9.A.57 The Extended-Synaptotagmin (E-Syt) Family
Extended-Synaptotagmin (E-Syt) membrane proteins have been implicated in a range of interrelated cellular functions including calcium and receptor signaling and membrane lipid transport. Their evolutionary conservation and molecular actions have been studied. Herdman and Moss 2016 reviewed E-Syts and discussed their molecular functions and the in vivo requirements for these proteins. Proteins in this family are homologous to synaptotagmins in TC families 1.F.1 and 9.A.48. Synaptotagmin-1 promotes both hemifusion more rapidly than full fusion in a Ca2+-dependent manner (Lu et al. 2006). Synaptotagmin is a calcium sensor that can trigger exocytosis (Kiessling et al. 2018). Thirty 0ne Multiple C2 domains and transmembrane region proteins (MCTPs), which may act as transport mediators of other regulators have been described for Gossypium hirsutum (cotton) (Hao et al. 2020). In humans and other mammals, roles of synaptotagmin family members in cancer have been discussed (Suo et al. 2022).
Endoplasmic reticulum-plasma membrane (ER-PM) contact sites play a role in cellular processes such as ER-PM assembly which is tethered by the extended synaptotagmins (E-Syt). At steady state, E-Syt2 positions the ER and Sac1, an integral ER membrane lipid phosphatase, in discrete ER-PM junctions (Dickson et al. 2016). Sac1 participates in phosphoinositide homeostasis by limiting PM phosphatidylinositol 4-phosphate (PI(4)P), the precursor of PI(4,5)P2. Activation of G protein-coupled receptors that deplete PM PI(4,5)P2 disrupts E-Syt2-mediated ER-PM junctions, reducing Sac1's access to the PM and permitting PM PI(4)P and PI(4,5)P2 to recover. Conversely, depletion of ER luminal calcium increases the amount of Sac1 in contact with the PM, depleting PM PI(4)P. Thus, the dynamic presence of Sac1 at ER-PM contact sites allows it to act as a cellular sensor and controller of PM phosphoinositides, thereby influencing many PM processes. Ca2+ plays a critical role in triggering all three primary modes of neurotransmitter release (synchronous, asynchronous, and spontaneous) (Zhou 2023). Synaptotagmin1, a protein with two C2 domains, is the first isoform of the synaptotagmin family that was identified and shown to be the primary Ca2+ sensor for synchronous neurotransmitter release. Other isoforms of the synaptotagmin family as well as other C2 proteins such as the double C2 domain protein family were found to act as Ca2+ sensors for different modes of neurotransmitter release (Zhou 2023).
Organelles are in constant communication with each other through exchange of proteins (mediated by trafficking vesicles) and lipids [mediated by both trafficking vesicles and lipid transfer proteins (LTPs)]. Vesicle trafficking can be regulated by the second messenger Ca2+, allowing membrane protein transport to be adjusted according to physiological demands. Yu et al. 2016 showed that E-Syts are Ca2+-dependent LTPs. E-Syts transfer glycerophospholipids between membrane bilayers in the presence of Ca2+. They use their lipid-accommodating synaptotagmin-like mitochondrial lipid binding protein (SMP) domains to transfer lipids. However, the SMP domains themselves cannot transport lipids unless the two membranes are tightly tethered by Ca2+-bound C2 domains. The Ca2+-regulated lipid transfer activity of E-Syts is restored when the SMP domain is fused to the cytosolic domain of synaptotagmin-1, the Ca2+sensor in synaptic vesicle fusion, indicating that a common mechanism of membrane tethering governs the Ca2+regulation of lipid transfer and vesicle fusion (see TC family 1.F.1). Microsomal vesicles isolated from mammalian cells contain robust Ca2+-dependent lipid transfer activities, mediated by E-Syts. Thus, E-Syts are a novel class of LTPs (Yu et al. 2016).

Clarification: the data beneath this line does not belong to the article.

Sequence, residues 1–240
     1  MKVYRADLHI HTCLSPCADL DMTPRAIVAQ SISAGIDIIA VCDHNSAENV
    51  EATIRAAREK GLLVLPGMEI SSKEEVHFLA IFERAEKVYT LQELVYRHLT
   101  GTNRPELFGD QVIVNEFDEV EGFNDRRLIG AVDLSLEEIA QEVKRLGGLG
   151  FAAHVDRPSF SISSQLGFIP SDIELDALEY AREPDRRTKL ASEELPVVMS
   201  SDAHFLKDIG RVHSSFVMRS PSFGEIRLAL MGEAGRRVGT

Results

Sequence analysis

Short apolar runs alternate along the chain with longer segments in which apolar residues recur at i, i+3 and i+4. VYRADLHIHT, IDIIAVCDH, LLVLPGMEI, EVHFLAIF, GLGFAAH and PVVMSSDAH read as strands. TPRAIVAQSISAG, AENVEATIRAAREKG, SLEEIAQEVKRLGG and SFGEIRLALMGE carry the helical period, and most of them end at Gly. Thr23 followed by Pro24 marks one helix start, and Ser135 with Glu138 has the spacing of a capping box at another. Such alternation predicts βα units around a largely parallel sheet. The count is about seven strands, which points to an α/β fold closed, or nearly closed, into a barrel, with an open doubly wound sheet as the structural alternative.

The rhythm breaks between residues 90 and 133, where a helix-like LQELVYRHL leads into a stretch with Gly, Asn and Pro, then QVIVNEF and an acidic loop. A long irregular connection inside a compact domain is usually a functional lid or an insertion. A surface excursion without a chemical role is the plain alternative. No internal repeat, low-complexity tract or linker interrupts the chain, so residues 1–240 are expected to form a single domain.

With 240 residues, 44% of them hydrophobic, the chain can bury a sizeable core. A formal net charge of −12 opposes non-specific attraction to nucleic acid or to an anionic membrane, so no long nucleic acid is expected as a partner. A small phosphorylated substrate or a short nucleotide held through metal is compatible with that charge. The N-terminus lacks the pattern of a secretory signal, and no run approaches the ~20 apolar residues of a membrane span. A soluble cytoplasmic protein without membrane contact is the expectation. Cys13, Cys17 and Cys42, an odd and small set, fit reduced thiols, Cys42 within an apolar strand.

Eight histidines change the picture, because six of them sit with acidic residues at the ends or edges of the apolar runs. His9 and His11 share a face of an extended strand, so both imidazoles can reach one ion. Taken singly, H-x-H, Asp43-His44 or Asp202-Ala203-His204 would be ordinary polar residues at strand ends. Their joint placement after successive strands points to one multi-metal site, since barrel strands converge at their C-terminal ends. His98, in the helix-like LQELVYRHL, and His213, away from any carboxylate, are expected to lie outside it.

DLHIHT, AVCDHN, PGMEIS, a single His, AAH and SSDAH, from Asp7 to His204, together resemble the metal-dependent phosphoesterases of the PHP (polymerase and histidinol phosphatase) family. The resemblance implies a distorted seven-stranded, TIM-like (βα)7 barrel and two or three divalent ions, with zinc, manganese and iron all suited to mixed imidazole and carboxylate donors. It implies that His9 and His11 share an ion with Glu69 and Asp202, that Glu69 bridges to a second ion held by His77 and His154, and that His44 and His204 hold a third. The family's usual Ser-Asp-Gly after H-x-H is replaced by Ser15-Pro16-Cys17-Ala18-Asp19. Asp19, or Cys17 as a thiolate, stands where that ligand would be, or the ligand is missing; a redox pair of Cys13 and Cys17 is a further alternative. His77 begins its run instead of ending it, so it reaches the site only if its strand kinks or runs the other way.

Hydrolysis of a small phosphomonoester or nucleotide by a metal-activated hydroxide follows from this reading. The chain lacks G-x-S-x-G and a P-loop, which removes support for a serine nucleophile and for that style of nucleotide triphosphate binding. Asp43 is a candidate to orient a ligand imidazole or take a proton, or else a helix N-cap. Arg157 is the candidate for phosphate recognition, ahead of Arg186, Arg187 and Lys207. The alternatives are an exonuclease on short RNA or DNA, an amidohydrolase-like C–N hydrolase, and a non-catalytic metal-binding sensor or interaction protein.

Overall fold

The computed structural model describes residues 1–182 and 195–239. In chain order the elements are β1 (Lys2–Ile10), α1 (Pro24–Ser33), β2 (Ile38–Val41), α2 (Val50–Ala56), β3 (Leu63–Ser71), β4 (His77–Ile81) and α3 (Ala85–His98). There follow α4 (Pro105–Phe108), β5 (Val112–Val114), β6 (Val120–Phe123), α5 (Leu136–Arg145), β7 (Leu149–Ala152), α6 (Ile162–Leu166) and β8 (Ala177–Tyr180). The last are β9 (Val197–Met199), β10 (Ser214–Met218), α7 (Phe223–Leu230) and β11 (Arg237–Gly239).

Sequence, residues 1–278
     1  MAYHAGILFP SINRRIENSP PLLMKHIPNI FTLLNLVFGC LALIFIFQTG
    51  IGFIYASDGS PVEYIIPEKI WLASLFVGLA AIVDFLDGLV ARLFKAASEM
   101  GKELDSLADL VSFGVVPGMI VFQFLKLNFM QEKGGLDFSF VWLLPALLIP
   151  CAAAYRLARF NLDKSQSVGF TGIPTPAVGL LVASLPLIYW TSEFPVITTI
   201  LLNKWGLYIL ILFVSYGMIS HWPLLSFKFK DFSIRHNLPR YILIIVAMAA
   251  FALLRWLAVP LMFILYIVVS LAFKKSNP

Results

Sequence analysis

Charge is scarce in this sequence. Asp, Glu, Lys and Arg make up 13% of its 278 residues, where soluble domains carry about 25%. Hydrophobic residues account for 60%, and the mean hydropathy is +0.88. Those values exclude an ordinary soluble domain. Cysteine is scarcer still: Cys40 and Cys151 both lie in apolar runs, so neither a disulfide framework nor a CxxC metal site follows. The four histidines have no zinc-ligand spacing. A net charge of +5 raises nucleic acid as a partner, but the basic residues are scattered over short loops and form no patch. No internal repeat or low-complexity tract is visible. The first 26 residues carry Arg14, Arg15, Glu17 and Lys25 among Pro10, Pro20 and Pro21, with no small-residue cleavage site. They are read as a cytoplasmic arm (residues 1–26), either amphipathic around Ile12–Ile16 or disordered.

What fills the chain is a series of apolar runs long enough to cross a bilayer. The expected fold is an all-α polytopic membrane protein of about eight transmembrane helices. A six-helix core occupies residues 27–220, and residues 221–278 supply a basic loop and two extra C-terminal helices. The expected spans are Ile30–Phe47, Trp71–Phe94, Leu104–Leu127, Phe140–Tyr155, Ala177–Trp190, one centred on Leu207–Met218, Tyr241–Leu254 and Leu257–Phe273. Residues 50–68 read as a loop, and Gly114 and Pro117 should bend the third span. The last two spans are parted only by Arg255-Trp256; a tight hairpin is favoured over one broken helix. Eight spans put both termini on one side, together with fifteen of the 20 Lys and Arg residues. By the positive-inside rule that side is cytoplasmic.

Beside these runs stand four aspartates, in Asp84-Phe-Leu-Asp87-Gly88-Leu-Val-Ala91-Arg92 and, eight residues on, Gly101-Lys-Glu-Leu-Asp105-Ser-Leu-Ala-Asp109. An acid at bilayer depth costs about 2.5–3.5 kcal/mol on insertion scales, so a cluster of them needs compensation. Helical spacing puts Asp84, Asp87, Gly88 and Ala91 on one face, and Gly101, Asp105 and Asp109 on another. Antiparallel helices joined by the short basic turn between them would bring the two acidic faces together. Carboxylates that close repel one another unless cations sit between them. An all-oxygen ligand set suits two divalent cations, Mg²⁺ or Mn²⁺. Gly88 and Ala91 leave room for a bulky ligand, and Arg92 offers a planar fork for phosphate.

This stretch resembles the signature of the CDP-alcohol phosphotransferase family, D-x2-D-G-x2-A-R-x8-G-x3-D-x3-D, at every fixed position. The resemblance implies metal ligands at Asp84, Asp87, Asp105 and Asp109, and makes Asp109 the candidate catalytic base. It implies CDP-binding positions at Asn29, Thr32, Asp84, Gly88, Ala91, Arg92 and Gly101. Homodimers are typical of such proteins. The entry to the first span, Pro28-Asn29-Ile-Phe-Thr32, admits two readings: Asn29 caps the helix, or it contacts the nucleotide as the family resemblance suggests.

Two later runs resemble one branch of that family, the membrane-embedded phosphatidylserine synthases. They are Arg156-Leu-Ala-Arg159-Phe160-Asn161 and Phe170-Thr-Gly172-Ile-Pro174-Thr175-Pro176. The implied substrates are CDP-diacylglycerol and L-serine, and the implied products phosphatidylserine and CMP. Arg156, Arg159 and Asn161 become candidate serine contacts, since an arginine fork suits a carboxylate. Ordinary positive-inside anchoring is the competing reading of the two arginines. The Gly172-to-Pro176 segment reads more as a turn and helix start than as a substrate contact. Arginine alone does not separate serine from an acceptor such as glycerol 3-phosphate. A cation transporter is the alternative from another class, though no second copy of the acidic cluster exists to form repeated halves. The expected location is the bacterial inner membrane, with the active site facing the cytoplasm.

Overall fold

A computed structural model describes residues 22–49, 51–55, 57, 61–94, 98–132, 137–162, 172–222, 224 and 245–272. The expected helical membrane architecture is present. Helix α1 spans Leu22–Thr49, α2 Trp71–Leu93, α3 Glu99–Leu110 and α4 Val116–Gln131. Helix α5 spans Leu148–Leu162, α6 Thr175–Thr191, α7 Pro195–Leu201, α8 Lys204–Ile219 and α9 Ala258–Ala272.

The tubular lipid-binding (TULIP) superfamily is a major mediator of lipid sensing and transport in eukaryotes. It encompasses three protein families, SMP-like, BPI-like, and Takeout-like, which share a common fold (Alva and Lupas 2016). This fold consists of a long helix wrapped in a highly curved anti-parallel β-sheet, enclosing a central, lipophilic cavity. The SMP-like proteins, which include subunits of the ERMES complex and the extended synaptotagmins (E-Syts), appear to be mainly located at membrane contacts sites (MCSs) between organelles, mediating inter-organelle lipid exchange. The BPI-like proteins, which include the bactericidal/permeability-increasing protein (BPI), the LPS (lipopolysaccharide)-binding protein (LBP), the cholesteryl ester transfer protein (CETP), and the phospholipid transfer protein (PLTP), are either involved in innate immunity against bacteria through their ability to sense lipopolysaccharides, as is the case for BPI and LBP, or in lipid exchange between lipoprotein particles, as is the case for CETP and PLTP. The Takeout-like proteins, which are comprised of insect juvenile hormone-binding proteins and arthropod allergens, transport lipid hormones to target tissues during insect development. In all cases, the activity of these proteins is underpinned by their ability to bind large, hydrophobic ligands in their central cavity and segregate them away from the aqueous environment. Furthermore, where they are involved in lipid exchange, recent structural studies have highlighted their ability to establish lipophilic, tubular channels, either between organelles in the case of SMP domains or between lipoprotein particles in the case of CETP. Alva and Lupas 2016 reviewed the structures, versatile functions, and evolution of proteins of the TULIP superfamily. They proposed a deep evolutionary split in this superfamily, predating the Last Eukaryotic Common Ancestor, between the SMP-like proteins, which act on lipids endogenous to the cell, and the BPI-like proteins (including the Takeout-like proteins of arthropods), which act on exogenous lipids.